I explored with her the possibility of reengaging in a day treatment program that would provide a higher level of care while keeping her out of the hospital. “I was in the wrong place when I was there”, she said. “They told me I had to be in the program in order to gain access to the psychiatrist”. I had heard this story unfold in real time about a year ago. She recounted it now as she had then. Her counselor acknowledged that she was higher functioning than most in the group but with Medicaid it was the only route to accessing a psychiatrist. She had even been directed at times not to respond to the questions posed in the therapy groups because, “We know YOU know the answer, Renee”. Initially, this story was shared with a sense of pride.
On this day, her take on that past situation was slightly different. There was recognition that if she returned, she wasn’t likely to gain what she needed because she would be excluded. Still, at the core of her experience was a sense that she is inherently different than the others she had been in the group with. “Those people are low functioning; they are homeless, addicts and felons and some are even mandated to be there. I want treatment but not with THOSE people”.
In a million mini moments throughout our conversation, I attempted to navigate my way through years of emotional baggage packed full of the relational challenges experienced by being raised by a mother with mental dis-ease. I gently reminded my mother that she is currently functioning at a lower level than she had been a year ago. I reminded her of how much I loved her and reminded her that she could call me anytime. I provided her with the National Suicide Prevention Lifeline (1-800-273- TALK (8255)) and informed her that she can call that number even if she is not currently in a crisis. I also offered to follow-up with her counselor directly but interestingly, my mom did not see the point.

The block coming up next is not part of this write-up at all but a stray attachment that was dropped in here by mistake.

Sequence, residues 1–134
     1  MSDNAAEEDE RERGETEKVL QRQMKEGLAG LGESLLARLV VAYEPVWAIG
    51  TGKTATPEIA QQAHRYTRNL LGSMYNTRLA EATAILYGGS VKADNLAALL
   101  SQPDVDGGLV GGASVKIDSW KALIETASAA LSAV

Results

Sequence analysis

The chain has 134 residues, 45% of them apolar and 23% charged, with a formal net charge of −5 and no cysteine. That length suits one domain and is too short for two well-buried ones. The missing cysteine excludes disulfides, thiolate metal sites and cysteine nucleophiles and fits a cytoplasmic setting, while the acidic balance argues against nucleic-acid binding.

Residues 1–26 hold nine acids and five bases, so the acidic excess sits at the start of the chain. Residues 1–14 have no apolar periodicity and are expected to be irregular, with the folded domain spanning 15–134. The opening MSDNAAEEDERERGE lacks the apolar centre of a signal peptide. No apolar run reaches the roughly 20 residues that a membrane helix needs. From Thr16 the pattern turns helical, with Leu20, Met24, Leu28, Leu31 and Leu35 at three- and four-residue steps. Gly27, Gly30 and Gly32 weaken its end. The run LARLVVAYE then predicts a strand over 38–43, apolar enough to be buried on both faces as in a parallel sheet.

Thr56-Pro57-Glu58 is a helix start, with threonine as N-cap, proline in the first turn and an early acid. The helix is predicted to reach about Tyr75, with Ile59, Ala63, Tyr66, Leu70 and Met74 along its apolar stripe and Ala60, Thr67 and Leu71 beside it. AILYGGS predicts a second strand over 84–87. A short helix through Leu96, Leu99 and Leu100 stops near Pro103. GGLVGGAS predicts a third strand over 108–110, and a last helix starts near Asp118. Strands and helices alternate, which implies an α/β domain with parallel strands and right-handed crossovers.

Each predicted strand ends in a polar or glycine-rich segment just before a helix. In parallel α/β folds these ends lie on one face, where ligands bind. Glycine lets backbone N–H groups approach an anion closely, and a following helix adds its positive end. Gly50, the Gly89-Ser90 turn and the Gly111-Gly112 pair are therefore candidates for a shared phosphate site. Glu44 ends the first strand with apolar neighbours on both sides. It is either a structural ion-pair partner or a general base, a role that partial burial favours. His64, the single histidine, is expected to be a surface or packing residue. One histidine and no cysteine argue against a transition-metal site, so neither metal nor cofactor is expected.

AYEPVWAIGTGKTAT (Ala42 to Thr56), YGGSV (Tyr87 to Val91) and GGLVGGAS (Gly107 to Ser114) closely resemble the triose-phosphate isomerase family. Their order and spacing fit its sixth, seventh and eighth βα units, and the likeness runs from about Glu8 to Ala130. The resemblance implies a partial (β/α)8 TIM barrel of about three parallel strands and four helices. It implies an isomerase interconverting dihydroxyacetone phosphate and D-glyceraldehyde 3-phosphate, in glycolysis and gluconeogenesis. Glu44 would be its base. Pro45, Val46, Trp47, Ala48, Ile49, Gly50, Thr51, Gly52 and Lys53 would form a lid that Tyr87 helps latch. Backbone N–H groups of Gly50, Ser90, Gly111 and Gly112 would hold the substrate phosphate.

This most recent incident with my mother presented new challenges for me as I attempted to listen with less judgement and more empathy. After traversing the relational peaks and valleys together for decades, the story was no longer personal. I realized that for many , it is a collective story couched in bureaucratic systems that too often fail to meet those suffering where they are. I somehow realized that the story was one that shouldn’t be passed through on my way to piles of laundry and emails but taken in, reflected on and shared in an attempt to raise collective consciousness.
Just like our physical health, sometimes we are on doing well and sometimes we need support and assistance. I reflected on my own experiences working in a behavioral health hospital and my acquired role as a mental health advocate and came to a disturbing conclusion. We can and must do better. The pain is overwhelming, the fear immobilizing, the confusion unnerving, the internal chaos maddening and we must do more for those suffering and those that love them.
In the midst of a cleansing cry after hanging up the phone, I realized that the innovative strategies designed to change the system existed within the details of this story and the millions like it; answers about how to speak to one another respectfully about mental illness, how to effectively train medical professionals to integrate mental wellness into primary care settings, how to reach those whose very disease prevents them from seeking or accessing mental health care and how to reach those suffering not on our terms but right where they are. It’s not just my story but one shared by many of us. And the solutions are in the cracks our loved ones, friends and neighbors are falling into!
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Alliance for Community Transformation and Wellness: http://www.redlands.edu/academics/school-of-education/20180.aspx